Understanding women’s history is integral to understanding the American experience. Although often underrepresented in recorded histories, women helped build the United States of America of today and women will help shape the United States of America of the future.
Explore this page to learn more about objects and resources from the National Museum of American History that can shed light on women's experiences and contributions to the American story.
How We Remember Woman Suffrage
The museum offers a range of video content for all ages that highlight women's lives and experiences.
The museum holds a wide range of objects that illustrate women's lives, their accomplishments, and contributions to American society and culture. Swipe through to see a few featured objects and object groups.
Woman Suffrage Wagon
Covered in slogans advocating for woman suffrage, suffragists brought this wagon to rallies for publicity and used it to distribute material relating women's rights. After decades of organizing and activism, women in the United States gained the right to vote with the Nineteenth Amendment in 1920.
Women Teaching and Learning Mathematics in the United States
Women's participation in STEM fields is not a recent development. The objects in this group, Women Teaching and Learning Mathematics in the United States, show how they have played significant and longstanding roles in mathematics education. Containing textbooks and other teaching tools, this object group provides a window into how women have taught and girls have learned mathematics. (2014.0244.007)
Native American Prom Dress
Women and girls advocate for political and social change in many different ways. This prom dress was worn by Isabella Aiukli Cornell, a citizen of the Choctaw Nation of Oklahoma, to draw attention to systemic violence against and abuse of Indigenous women. The red color of the dress represents the Missing and Murdered Indigenous Women's movement.
Selena's Leather Outfit
Selena Quintanilla-Pérez was a Mexican-American singer-songwriter who became known as the "Queen of Tejano music." Known for breaking boundaries and bringing Tejano music into mainstream American culture, Selena's music continues to be popular today, 30 years after her tragic death. (1999.0104.01).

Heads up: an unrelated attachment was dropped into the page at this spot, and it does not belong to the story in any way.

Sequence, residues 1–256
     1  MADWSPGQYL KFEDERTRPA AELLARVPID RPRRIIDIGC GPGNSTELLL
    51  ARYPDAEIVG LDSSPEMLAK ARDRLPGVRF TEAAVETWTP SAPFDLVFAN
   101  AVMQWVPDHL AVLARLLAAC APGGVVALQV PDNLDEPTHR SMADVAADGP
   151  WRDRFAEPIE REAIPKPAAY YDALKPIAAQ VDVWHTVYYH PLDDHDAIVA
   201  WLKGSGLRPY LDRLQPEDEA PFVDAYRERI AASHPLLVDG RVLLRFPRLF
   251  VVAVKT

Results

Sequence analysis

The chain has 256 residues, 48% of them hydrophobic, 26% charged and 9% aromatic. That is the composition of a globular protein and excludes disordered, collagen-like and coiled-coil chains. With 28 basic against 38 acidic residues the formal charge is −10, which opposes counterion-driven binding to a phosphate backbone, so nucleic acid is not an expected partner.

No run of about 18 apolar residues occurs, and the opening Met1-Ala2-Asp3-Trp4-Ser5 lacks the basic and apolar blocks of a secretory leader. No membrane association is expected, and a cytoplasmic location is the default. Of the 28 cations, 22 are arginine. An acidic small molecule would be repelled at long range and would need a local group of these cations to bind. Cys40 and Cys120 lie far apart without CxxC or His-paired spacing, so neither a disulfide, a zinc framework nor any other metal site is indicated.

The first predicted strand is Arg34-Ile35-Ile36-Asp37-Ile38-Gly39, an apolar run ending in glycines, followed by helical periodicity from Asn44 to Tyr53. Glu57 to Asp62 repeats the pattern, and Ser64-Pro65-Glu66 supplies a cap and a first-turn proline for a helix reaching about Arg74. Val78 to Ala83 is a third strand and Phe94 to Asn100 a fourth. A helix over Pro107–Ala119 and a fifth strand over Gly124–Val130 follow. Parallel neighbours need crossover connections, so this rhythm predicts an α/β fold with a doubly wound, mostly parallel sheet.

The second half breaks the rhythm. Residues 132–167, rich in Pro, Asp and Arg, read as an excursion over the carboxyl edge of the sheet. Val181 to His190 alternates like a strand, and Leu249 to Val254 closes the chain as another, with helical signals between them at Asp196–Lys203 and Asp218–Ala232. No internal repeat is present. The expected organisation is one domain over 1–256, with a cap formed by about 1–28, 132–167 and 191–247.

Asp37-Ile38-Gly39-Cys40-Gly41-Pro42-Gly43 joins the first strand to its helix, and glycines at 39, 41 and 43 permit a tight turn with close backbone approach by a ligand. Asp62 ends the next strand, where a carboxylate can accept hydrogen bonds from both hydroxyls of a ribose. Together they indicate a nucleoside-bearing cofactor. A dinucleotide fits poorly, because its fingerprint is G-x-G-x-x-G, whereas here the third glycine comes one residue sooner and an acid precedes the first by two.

You can see this costume and other objects that highlight the Mexican presence in the United States in the Mexican America object group.
Billie Jean King's Tennis Dress
Billie Jean King wore this dress during her famous 1973 tennis match against male player Bobby Riggs. Known as the "Battle of the Sexes," King's victory during this tennis match demonstrated for many the talent of female athletes and seriousness of women's sports.
Cosmetics and Personal Care Products in the Medicine and Science Collections
Madame C.J. Walker was a successful Black businesswoman and philanthropist during the early twentieth century. She developed haircare products for Black women and founded a beauty school that trained women to style and care for Black hair (a skill not taught by most schools). Walker used her wealth to support Black charities and institutions as well as organizations dedicated to achieving equal rights. (293320.0970)
You can view more personal care products and learn more in the Cosmetics and Personal Care Products in the Medicine and Science Collections object group.
Women in World War I
Women have supported and served in the military in many different ways. During World War I, thousands of women joined voluntary organizations to provide relief and support the war effort. This uniform belonged to Dr. Loy McAfee, a female contract surgeon who served during World War I. Explore the Women in World War I object group to see related objects in the collection and learn more about this history. (1998.0165.63.08)
The Factory Girl's Song
Women and girls have participated in the workforce in many ways over time. In the nineteenth century, increasing numbers of working-class women labored in factories as the United States industrialized. This broadside contains the lyrics to "The Factory Girl's Song," a folk song that described the conditions of factory life and the work that "mill girls" participated in as they produced cloth. (2013.0125.01)
Legalized in 1960, over one million American women were taking oral contraceptives by 1963. "The pill" allowed women to take control of their reproductive health and family planning at the same time that it opened up a new market for pharmaceutical companies. Contraceptive packaging worked to both distinguish different brands from one another and (like the one here) help women to remember to take their daily pills. (2000.0090.10)
Mary Lincoln's Dress
Elizabeth Keckly, a Black businesswoman and seamstress, designed this dress for First Lady Mary Todd Lincoln to wear during the 1861-62 social season. Born enslaved, Keckly purchased her own freedom and migrated to Washington, DC in 1850 where she developed a reputation as a talented dressmaker. Keckly's success in business during the Civil War allowed her to employ other women and support relief efforts for refugees escaping enslavement.
Listen to podcasts featuring women's stories.
The first season of the museum's new podcast Collected focuses on Black Feminism, highlighting Black women thinkers and demonstrating the relevance of their ideas today.
Prototype Online: Innovative Voices features the stories of several female innovators and inventors, including "Patti McGee and Di Dootson Rose, pioneering skateboarders" and "Madame C.J. Walker Had a Good Head for Hair Care, Part 1 and Part 2."
More Smithsonian Resources
The website for the new American Women's History Museum has a variety of online exhibitions and resources for the study of women's history.
The museum's Lemelson Center for the Study of Invention and Innovation offers a resource hub with oral histories, archival materials, blogs, and public programs about women inventors.